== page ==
Archive for the ‘Wales Wide Web’ Category

Summer of Innovation, business models and culture

November 28th, 2014 by Graham Attwell

On Wednesday I attended the JISC Summer of innovation event at Reading University. This was a showcase for projects undertaken in summer 2014. Jisc is running an elevator system, selecting some 20 student projects a year who each get £5000 in funding. The format of the competition, says Jisc, “allows students to get full credit for their ideas, and have an ongoing role into their development. As well as showcasing the results of this work the event was designed to seek partners to work with to develop the ideas further.

Each of the project made a short pitch to those attending. And there was ample time to go around the presentation stands for demos and talks with developers. The projects were on the whole very impressive. It almost seems unfair to pick anyone out, but since I was on the lookout for projects I might want to work with further, then my pick of the bunch has to be evaloop. Evaloop developed by Shanghavi and Thiemo Fetzer, both postgraduates at LSE, have developed a mobile app which provides teachers or trainers with an easy way to collect feedback from students. According to the LSE web site “Amar and Thiemo have ten years of teaching experience between them which helped them to identify the difficulty of getting timely feedback in a cost effective way and to create ‘evaloop’.”

As a whole, the products looked pretty cool and you could see at least some of the picking up traction. Talking to the students, though, I was less convinced about the sustainability and business plans. Most had formed companies and were putting forward subscription models. All assured me that their services scaled technically and they probably do. But when I asked them how their company scaled socially they looked at me blankly. I asked a number whether they expected to be selling the same subscriptions to the same applications in two or three years time. This seemed reasonable since I was talking to a bunch of young, ambitious, clever entrepreneurs – or would be entrepreneurs. They admitted they had not thought about that. And although many were seeking to sell subscription services to universities, they did not really seem to know who might have the power to sign up to such a package.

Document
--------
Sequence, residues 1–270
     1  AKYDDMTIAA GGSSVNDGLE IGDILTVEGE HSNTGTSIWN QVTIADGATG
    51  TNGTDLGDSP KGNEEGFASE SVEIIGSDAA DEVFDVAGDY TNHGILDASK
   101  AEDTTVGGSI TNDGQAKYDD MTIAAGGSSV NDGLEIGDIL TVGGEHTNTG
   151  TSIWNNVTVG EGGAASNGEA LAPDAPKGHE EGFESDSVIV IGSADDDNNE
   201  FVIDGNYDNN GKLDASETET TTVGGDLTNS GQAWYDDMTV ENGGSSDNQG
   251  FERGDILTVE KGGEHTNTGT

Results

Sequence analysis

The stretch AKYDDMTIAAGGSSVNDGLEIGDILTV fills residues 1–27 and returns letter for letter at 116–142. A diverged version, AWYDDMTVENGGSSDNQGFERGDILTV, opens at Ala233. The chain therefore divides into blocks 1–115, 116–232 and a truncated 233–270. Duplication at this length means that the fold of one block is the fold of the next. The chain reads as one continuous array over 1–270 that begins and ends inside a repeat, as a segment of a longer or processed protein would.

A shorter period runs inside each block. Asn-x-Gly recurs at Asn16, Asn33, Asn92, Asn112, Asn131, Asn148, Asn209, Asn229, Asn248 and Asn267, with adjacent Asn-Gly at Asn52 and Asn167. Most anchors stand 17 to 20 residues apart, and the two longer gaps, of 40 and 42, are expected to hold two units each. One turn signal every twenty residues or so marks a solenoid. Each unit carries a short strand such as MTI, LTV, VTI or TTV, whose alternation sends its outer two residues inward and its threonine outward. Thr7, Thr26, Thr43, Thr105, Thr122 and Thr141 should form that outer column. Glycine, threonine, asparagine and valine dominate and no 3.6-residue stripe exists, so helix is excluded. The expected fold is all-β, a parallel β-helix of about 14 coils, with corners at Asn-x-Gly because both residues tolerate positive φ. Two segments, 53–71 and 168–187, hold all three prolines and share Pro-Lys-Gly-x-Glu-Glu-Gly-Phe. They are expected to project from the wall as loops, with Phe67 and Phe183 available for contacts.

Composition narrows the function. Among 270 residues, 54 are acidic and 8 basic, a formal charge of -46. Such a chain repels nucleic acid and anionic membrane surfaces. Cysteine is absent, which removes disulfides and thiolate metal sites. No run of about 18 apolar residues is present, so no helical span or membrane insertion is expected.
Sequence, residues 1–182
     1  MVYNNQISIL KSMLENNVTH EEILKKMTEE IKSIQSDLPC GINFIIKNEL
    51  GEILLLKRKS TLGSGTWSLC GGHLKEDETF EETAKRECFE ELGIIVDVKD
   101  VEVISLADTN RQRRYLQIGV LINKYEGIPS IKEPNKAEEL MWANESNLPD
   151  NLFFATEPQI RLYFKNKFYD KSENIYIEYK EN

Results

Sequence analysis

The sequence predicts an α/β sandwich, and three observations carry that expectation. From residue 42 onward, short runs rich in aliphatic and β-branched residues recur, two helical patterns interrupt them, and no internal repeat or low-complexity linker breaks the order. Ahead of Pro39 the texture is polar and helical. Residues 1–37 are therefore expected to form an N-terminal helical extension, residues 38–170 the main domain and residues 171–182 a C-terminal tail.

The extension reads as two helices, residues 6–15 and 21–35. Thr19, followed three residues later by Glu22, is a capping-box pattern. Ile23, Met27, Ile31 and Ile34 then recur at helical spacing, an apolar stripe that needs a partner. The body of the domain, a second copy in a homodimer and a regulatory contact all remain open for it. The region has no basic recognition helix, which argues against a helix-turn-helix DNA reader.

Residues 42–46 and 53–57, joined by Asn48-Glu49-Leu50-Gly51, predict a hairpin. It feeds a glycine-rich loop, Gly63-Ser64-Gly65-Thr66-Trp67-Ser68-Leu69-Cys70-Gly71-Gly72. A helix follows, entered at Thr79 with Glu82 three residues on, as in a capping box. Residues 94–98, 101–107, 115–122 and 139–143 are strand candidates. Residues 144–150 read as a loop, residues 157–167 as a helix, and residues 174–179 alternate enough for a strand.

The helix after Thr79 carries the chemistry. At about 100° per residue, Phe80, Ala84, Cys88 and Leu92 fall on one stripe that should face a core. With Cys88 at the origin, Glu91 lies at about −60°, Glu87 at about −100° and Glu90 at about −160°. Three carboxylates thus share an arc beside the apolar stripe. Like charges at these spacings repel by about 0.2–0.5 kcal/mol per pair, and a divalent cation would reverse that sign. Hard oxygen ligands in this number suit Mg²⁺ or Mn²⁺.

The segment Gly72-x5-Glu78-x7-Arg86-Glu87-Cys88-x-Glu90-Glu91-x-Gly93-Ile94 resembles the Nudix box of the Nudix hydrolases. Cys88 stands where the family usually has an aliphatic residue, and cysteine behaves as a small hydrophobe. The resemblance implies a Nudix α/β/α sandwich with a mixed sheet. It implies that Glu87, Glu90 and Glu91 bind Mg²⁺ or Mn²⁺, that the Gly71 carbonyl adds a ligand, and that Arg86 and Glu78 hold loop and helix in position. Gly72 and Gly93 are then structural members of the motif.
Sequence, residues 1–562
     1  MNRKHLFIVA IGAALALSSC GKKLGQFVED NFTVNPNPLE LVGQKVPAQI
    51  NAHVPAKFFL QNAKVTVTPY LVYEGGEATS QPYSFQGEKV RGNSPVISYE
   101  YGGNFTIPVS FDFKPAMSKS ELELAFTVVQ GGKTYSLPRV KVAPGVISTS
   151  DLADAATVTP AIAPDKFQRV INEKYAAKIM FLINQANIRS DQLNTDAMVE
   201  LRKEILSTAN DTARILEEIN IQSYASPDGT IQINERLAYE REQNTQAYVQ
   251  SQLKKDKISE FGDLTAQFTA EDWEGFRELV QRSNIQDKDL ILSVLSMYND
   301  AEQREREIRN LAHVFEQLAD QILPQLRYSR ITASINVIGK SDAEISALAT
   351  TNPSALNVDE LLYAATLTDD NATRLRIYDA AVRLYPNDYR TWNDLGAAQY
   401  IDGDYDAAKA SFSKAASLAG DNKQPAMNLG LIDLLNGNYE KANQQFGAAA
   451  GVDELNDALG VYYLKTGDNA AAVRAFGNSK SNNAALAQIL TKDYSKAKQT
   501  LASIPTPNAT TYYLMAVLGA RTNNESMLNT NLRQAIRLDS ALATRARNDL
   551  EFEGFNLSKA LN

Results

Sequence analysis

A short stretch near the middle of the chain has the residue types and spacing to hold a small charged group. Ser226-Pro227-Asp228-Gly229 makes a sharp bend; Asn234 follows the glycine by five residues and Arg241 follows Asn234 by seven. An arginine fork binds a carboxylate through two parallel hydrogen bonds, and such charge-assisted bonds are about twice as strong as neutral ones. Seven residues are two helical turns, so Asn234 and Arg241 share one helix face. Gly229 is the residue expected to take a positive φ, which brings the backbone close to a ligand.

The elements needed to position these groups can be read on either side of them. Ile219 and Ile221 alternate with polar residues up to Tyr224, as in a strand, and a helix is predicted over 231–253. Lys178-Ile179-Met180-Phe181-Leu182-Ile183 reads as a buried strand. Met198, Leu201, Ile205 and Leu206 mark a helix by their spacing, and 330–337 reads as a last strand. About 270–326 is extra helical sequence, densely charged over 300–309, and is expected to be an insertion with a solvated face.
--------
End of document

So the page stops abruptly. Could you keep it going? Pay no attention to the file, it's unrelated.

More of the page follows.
Only Evaloop seem to have considered the Open Source Model. And I guess that is part of the present culture of software development. Apps are not released as open source, instead the business approach is to provide paid for services or at best a premium model. I think that is a shame, since, working with a wider community, many of these projects could make a real difference and get significant take up. However, I suppose another way to look at it is that if say only two projects go on to develop as viable products or services and sustainable enterprises, that has to be seen as a success, especially given the very limited pump priming funding from Jisc. I’ve signed up with five or six of the projects to get future updates, in addition to planning a trial of evaloop. And I will keep readers here in the loop on any updates. In the meantime check out the projects on the Jisc Summer of Innovation website.

Open Data App Challenge

November 12th, 2014 by Graham Attwell

Pontydysgu are working with the UK Data Service to open up three datasets under an open data license and then run an Open Data App Challenge during late spring/summer 2015. This a ESRC (Economic Social Research Council) innovation fund project.

Last Friday I went to a UK Data Service panel session and networking event at the Open Data Institute in London talking about our work and the issues around opening up data under an open data license. The audience was mostly App Challenge members and data owners. This event was held as part of the ESRC Festival of Social Science Week and we invited along some other experts as well.

The session included Ralph Cochrane (App Challenge), Louise Corti (UK Data Service), Jonathan Raper (Transport API), Olivia Ely (UKCES), Moeen Khwaja (Thingful)

Ralph has wriiten about the event on the Open Data Challenge web site. “The UKCES and their LMI for All programme have one of the best developed government APIs for accessing open data around jobs, careers and employment statistics)” he says.

“Transport API is the leading provider of open transport data in the UK. Anyone can sign up to their API on a pay per use basis. They have data relating to trains, roads, construction and even Heathrow airport.

Thingful is a discovery or search engine for the Internet of Things. There are many sensors and devices out there that publish their state and if you can link these as a data stream they can enrich many other datasources and services. For example, there are weather sensors on top of most high rise buildings in London. Could they be connected to the Met Office to help with weather based planning?

Louise is the project leader for the Open Data App Challenge project and is based at the University of Essex campus in Colchester.

Ralph Cochrane moderated this panel session and is the founder of App Challenge. He’s a crowdsourcing expert and runs the developer community day-to-day working with many of the world’s leading companies.”

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